Programmers Stack Exchange is a question and answer site for professional programmers interested in conceptual questions about software development. Join them; it only takes a minute:

Sign up
Here's how it works:
  1. Anybody can ask a question
  2. Anybody can answer
  3. The best answers are voted up and rise to the top

What is the best way of managing minutes of meeting on daily bases ? Do we have to manage the documents in a repository like VSS or it can be maintained in a excel sheet itself.

Kindly share your experience for the same and guide.

Thanks in advance

share|improve this question

migrated from Mar 7 '11 at 17:54

This question came from our site for professional and enthusiast programmers.

It is related to project-management. Our current project is updated frequently based on the Customer Requests(CR) from time to time. Each CR implementation is done after through meetings with the client for which the MOM is maintained and are referenced to in the future in case of some deviation. – HotTester Mar 7 '11 at 9:22
@martin @hot As long as its about development meetings its on-topic. However, this might be better suited for programmers.SE. If OP wants me to migrate, I will. – Will Mar 7 '11 at 11:35
@hot - If the key point is to avoid debate about what has been agreed with those raising the CRs, it would be best to 'close the loop' with them. That is, get them to sign off on the minutes soon after each meeting. That might be done simply by an exchange of email. – martin clayton Mar 7 '11 at 11:39

Source code control is not a great location for docs in binary format, so I'd use it as a last resort.

I'd suggest setting up a wiki or some internal website. We use Sharepoint for storing and managing this kind of doc. A wiki might not integrate too well with things like an Excel spreadsheet (although maybe it could be made to work), so you may need to store docs like that on a share drive and reference them from the wiki.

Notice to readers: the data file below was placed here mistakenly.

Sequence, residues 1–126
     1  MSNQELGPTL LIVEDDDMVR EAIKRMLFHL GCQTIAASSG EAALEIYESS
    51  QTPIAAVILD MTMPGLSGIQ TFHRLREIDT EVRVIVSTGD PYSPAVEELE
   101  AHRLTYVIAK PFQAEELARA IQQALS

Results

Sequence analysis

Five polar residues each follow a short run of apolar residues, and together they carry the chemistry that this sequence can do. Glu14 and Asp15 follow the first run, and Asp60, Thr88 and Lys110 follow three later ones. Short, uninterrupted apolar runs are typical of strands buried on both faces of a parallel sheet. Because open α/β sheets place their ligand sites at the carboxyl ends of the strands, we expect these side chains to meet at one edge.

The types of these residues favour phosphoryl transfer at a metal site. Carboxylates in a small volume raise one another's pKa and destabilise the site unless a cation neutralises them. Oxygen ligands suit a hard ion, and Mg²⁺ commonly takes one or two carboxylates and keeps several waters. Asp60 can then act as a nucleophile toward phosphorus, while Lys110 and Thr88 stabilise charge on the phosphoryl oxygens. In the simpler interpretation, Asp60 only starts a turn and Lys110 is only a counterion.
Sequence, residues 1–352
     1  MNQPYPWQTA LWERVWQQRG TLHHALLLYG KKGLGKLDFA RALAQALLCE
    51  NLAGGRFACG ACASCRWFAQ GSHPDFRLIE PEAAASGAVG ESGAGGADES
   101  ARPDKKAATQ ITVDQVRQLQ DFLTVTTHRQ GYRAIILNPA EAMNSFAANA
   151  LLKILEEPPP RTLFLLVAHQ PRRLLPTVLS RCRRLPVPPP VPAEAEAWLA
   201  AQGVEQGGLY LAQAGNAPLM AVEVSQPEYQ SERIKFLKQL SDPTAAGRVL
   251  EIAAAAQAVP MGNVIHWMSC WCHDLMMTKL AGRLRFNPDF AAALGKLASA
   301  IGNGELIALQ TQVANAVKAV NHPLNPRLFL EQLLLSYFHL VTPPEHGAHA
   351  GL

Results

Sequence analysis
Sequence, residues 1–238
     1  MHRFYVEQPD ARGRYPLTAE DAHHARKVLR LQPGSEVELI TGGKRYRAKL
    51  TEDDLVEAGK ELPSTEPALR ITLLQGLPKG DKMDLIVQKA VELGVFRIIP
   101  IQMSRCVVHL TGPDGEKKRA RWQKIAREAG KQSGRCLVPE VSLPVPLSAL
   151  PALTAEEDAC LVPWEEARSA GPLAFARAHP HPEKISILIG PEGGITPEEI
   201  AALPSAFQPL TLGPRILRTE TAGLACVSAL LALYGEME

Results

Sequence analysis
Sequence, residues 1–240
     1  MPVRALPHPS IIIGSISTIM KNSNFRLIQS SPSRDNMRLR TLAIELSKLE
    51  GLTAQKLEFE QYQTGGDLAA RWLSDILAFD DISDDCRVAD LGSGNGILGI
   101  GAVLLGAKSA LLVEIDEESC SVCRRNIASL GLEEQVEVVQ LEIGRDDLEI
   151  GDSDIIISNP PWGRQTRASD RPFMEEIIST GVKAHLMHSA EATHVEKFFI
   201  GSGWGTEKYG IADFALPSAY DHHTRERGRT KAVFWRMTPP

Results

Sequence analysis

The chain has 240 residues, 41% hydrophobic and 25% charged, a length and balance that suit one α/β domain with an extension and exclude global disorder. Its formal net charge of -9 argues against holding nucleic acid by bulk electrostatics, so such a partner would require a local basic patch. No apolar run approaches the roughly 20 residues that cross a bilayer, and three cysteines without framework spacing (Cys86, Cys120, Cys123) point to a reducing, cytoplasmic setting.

Another idea for a regular meeting like this might be an internal blog to report on progress and record minutes, again referencing docs on a share if needs be.

share|improve this answer

You should publish an agenda before the meeting and keep minutes with action items for each meeting. Part of the agenda should be to go through the action items from the previous meeting and either check them off, postpone them, or cut them if it's obvious they will never get done.

I would dump a copy of the minutes into whatever content management system you use.

share|improve this answer
The problem with going through the previous action items is that it often degenerates into explaining them again to people who weren't directly concerned. An alternative is to include a list of the action points with the agenda, which you can just pass round the table and each person adds a check mark to any points that have been actioned. – Benjol Mar 8 '11 at 5:52
You don't have to go into the details of old business in detail, especially if they've been tabled to a committee. Just repeat, this point was tabled to the committee and our conclusion was X. No need to burn too much time on it. – Mark Canlas Mar 9 '11 at 23:02

Your Answer


By posting your answer, you agree to the privacy policy and terms of service.